A Lesson Well Learned: Too Much New at Once



I mentioned somewhere or other yesterday I was going to give Scrivener for Windows a go and I’m not a give up kind of guy, but I experienced a great deal of frustrations today as I was trying to work on our upcoming adventure line of missions for Agents of Oblivion. The problem was not with the software, nor was it with the writing. The problem was coupling those two elements together. I’m just now gearing up for horror-espionage adventures, so I needed to address the organizational issues of the adventure [1. Not too bad, as they are a variation of our standard adventure template.], come up with the initial mission [2. Something that would set the tone for the kind of adventures I envision for AoO. A dash of Mission: Impossible. A touch of The X-Files, and a lot of me.], and also deal with the fundamental differences between SuperNoteCard and Scrivener. I’m not knocking Scrivener. I think it will be ideal for some future writing I have planned, but for right here, and right now, it does not do what I need it to do.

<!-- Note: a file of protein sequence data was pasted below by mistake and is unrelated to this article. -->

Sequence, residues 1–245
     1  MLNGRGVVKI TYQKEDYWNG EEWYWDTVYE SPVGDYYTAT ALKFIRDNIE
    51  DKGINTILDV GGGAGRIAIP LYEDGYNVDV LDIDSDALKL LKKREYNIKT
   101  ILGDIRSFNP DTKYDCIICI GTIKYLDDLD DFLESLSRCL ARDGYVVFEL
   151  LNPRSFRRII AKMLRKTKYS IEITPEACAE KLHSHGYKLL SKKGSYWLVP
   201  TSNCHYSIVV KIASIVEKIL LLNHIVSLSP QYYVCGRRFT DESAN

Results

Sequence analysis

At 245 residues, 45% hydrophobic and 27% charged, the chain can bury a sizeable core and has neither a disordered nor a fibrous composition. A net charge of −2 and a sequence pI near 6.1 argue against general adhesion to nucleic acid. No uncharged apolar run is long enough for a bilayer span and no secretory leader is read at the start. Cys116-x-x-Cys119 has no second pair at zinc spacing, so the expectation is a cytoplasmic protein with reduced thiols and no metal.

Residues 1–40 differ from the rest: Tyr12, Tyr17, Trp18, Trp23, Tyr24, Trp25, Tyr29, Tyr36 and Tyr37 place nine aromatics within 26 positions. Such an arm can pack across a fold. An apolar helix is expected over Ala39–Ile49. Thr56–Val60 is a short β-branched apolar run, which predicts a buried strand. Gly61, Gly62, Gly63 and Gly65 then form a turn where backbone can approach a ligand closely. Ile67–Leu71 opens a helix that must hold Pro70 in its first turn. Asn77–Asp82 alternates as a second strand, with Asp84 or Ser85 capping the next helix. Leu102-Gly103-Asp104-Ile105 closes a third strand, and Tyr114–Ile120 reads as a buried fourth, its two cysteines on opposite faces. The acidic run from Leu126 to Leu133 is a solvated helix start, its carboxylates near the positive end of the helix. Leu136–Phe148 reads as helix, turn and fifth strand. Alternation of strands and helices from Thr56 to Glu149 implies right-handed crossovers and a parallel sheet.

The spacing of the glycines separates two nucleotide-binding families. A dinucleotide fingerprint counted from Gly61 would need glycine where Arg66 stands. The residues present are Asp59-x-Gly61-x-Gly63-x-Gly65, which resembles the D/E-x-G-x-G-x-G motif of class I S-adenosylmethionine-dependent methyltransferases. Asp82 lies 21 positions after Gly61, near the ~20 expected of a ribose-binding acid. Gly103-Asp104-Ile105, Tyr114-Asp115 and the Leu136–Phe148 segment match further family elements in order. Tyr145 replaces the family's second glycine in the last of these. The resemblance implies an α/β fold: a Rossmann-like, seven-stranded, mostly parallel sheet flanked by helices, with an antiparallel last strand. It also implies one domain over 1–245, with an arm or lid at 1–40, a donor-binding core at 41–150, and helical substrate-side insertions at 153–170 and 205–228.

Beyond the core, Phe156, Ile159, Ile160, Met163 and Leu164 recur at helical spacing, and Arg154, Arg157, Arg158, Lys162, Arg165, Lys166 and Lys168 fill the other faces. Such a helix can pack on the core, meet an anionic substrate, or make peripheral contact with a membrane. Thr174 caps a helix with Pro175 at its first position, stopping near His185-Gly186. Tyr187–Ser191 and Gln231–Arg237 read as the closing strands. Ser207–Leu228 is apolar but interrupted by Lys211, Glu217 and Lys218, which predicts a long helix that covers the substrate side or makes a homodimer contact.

Newer and shinier is not always better. I was trying to turn a perfectly good fork into a knife and I couldn’t. Sure, they are both tools, and you’d think because one has more tines it could do more and it can [3. If I want to stab something.], but totally inappropriate for the job. My good idea turned out to be bad, but it wasn’t a total loss of time. I learned a good bit about the strengths of the software and how favorably SNC, which is not as pretty a workhorse, can do a bang up job. I’d rather have an industrial strength hammer than a shiny, dime store knock-off made from cheap metal. I am almost amused by getting bitten by something I warned you of just the other day. It happens to the best of us and the rest of us. An interesting aside is as soon as I resolved myself to jumping back to SNC rather than trudging forward, I felt immediately relieved, a creeping headache dissipated, and the buttery words flowed with great rapidity. Knowing when to give up can be just as important as knowing when to┬ápersevere.

Until next time, I bid you, dear reader, adieu!

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